Slavophile


Slavophile
Slavophilism /sleuh vof"euh liz'euhm, slah"veuh fil iz'euhm, slav"euh-/, n.
/slah"veuh fuyl', -fil, slav"euh-/, n.
1. a person who greatly admires the Slavs and Slavic ways.
2. one of a group of mid-19th century Russian intellectuals who favored traditional cultural practices over Western innovations, esp. in political and religious life.
adj.
3. admiring or favoring the Slavs and Slavic interests, aims, customs, etc.
Also, Slavophil /slah"veuh fil, slav"euh-/.
[1875-80; SLAVO- + -PHILE; cf. Russ slavyanofíl]

* * *

▪ Russian history
      in Russian history, member of a 19th-century intellectual movement that wanted Russia's future development to be based on values and institutions derived from the country's early history. Developing in the 1830s from study circles concerned with German philosophy, the Slavophiles were influenced greatly by Friedrich Schelling. The movement was centred in Moscow and attracted wealthy, well-educated, well-traveled members of the old aristocracy. Among its leaders were Aleksey S. Khomyakov, the brothers Konstantin S. and Ivan S. Aksakov, the brothers Ivan V. and Pyotr V. Kireyevsky, and Yury F. Samarin. Their individual interests covered a broad range of topics, including philosophy, history, theology, philology, and folklore; but they all concluded that Russia should not use western Europe as a model for its development and modernization but should follow a course determined by its own character and history.

      They considered western Europe, which had adopted the Roman Catholic and Protestant religions, as morally bankrupt and regarded Western political and economic institutions (e.g., constitutional government and capitalism) as outgrowths of a deficient society. The Russian people, by contrast, adhered to the Russian Orthodox faith; thus, according to the Slavophiles, through their common faith and church, the Russian people were united in a “Christian community,” which defined natural, harmonious, human relationships.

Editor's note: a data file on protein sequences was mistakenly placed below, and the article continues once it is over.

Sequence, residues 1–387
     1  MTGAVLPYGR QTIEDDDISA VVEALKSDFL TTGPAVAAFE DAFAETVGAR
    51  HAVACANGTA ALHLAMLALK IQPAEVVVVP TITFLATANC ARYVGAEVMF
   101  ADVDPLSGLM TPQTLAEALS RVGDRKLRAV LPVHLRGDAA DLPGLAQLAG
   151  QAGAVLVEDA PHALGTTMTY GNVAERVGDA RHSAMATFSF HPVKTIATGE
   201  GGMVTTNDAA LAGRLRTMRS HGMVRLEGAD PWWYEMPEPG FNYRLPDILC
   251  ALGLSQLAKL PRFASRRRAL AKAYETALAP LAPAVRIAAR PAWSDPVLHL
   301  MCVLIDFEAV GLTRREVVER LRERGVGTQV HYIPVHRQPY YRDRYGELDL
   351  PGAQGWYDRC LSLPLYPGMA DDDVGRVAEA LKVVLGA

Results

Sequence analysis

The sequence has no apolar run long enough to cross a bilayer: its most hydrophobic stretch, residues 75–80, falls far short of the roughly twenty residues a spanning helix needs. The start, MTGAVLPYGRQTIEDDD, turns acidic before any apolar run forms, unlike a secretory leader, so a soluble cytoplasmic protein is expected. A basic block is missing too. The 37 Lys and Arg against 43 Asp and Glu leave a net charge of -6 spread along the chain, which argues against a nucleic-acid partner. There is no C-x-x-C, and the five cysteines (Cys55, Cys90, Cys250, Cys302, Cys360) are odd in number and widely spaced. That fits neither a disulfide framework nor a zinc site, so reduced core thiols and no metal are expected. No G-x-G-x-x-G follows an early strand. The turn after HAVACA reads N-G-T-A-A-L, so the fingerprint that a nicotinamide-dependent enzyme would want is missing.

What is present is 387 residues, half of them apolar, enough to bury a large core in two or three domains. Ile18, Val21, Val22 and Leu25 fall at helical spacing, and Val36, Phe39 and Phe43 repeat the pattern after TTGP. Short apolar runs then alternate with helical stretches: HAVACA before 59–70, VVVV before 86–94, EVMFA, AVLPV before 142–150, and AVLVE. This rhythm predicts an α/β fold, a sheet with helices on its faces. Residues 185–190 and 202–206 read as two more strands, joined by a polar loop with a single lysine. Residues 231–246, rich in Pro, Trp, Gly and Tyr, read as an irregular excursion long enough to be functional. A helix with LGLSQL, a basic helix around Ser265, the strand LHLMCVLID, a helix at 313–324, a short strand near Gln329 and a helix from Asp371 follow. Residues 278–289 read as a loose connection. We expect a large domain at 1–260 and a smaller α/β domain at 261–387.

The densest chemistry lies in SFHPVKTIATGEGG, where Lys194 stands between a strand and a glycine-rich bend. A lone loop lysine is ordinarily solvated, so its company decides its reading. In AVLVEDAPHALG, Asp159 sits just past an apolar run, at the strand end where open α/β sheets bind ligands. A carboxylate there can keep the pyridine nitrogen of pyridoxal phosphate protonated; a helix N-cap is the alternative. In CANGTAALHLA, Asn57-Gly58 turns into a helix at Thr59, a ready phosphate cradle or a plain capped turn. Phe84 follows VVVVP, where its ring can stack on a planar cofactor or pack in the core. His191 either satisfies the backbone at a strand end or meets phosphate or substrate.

The Slavophiles considered the Russian peasant commune an uncorrupted representation of the “Christian community.” They also believed that the autocratic form of government was well suited to a people spiritually bound together. Viewing Russia as potentially able to develop according to the “Christian community” model, the Slavophiles also thought that once such a society was established, Russia's duty would be to revitalize the West by reintroducing spiritual values there to replace rationalism, materialism, and individualism.

      But the Slavophiles also realized that their contemporary society did not represent their ideal. They believed that Peter I the Great (reigned 1682–1725), by introducing reforms imitating the West, had corrupted Russia, driven a wedge between the nobility and the peasantry, and upset the natural social relationships. They despised the state bureaucracy organized under Peter and his church reforms that had undermined spiritual authority.

      In order to perfect Russian society and to restore the autocracy and the church in their ideal forms, the Slavophiles urged extensive reforms, including the emancipation of serfs, curtailment of the bureaucracy, the granting of civil liberties (i.e., freedom of speech, press, and conscience), and the establishment of an institution representing the whole people (similar to the veche or the zemsky sobor of pre-Petrine Russia).